This was the big one. My first marathon, the race that I’ve been training for since June of last year. The big weekend was finally here and I was a mix of excitement and nerves by the time my mom and I headed out of Orlando to Jacksonville on Saturday morning. My dad was going to go with us, but he had a work opportunity come up at the last minute.
Once mom and I arrived in Jacksonville, we headed right to the race expo. I was definitely excited to get my race bib and check out the vendors before checking into the hotel. Unfortunately, I was so excited and overwhelmed that I didn’t get any pics at the expo! I kept thinking about doing a pic here or there, but never actually did it. Mom and I wandered around the expo, bought some fun stuff, then headed out. We spent a bit more time there than I probably should have (didn’t feel like it, but never does), but I don’t regret it. Would have been better if we had left home a bit earlier.
Mom and I then started driving toward the hotel and stopped enroute to get some lunch/dinner to bring back with us. I got a tofu bowl from Moe’s as I have had that meal before long runs before without any issues. Upon arriving at the hotel, we headed right up to the room. I had booked a Best Western, and the room was pretty nice. The only downside was that it was about 20 minutes from the race start, thus how I got the room cheaper. After we ate, I laid out my clothes for the morning and took a shower. Before I knew it, I was in bed and trying to get some sleep.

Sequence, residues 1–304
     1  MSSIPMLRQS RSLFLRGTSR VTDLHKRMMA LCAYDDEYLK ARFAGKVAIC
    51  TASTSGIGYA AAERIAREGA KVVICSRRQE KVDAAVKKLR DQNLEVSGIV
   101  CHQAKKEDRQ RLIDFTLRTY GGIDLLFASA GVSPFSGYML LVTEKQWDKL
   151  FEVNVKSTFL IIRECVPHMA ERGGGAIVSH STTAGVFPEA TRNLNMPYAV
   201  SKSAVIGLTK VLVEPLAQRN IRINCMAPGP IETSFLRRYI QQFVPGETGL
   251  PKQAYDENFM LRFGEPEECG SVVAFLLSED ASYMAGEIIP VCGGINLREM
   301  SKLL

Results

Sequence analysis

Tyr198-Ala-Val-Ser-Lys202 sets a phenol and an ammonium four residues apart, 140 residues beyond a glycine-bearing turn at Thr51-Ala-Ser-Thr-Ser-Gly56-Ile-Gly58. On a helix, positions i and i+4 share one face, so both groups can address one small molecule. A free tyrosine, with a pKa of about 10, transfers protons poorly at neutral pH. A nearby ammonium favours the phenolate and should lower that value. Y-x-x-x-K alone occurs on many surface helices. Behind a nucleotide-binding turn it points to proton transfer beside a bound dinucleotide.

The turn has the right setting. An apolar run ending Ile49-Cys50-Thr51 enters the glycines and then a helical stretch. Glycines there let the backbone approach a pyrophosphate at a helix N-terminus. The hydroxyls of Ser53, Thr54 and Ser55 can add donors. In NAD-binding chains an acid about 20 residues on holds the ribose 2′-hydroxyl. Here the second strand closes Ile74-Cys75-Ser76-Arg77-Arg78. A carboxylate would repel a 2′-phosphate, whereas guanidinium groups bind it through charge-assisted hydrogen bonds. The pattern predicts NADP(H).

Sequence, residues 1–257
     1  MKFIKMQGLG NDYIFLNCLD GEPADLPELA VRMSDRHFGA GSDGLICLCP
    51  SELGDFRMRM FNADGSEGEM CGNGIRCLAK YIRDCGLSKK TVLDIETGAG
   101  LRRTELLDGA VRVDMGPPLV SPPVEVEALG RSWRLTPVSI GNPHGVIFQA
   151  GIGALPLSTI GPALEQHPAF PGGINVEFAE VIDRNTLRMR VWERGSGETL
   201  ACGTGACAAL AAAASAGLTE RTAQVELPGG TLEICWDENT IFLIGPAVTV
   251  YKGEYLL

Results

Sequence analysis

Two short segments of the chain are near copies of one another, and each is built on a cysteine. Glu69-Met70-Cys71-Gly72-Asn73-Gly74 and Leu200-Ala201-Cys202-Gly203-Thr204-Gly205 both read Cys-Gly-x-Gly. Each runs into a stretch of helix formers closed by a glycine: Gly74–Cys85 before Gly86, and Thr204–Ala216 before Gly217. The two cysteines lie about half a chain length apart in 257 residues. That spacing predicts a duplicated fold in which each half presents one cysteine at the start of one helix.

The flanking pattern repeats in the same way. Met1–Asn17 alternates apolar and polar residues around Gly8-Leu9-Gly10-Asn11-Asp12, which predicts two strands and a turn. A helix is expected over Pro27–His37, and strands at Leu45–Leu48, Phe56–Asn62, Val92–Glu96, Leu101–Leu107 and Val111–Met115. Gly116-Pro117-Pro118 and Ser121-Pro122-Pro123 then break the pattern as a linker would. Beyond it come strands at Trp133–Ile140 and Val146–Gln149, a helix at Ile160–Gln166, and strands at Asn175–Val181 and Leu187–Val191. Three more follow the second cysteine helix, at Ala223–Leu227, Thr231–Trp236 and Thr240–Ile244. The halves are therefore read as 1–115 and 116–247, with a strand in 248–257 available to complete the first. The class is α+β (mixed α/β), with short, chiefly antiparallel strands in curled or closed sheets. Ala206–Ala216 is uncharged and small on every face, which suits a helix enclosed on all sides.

The alarm went off at 4:10am and I rolled out of bed. I got dressed and got everything together for my race. Mom and I were out of the hotel about 20 or so minutes later and into the cold. The traffic leading to the starting area was bad. It was extremely backed up. I think we waited in it for like an hour. By the time we reached it, I had just enough time to jump out, run to a port-o-let and get into my corral. This meant I missed the meetups at the Galloway tent. Considering we left the hotel by 5am and the start was like 16 miles away, I should have had time to get there for the 6:30am meetups no problem. Alas, it never happened. But, I was happy that I got there in time to go to the bathroom and find the pace leader.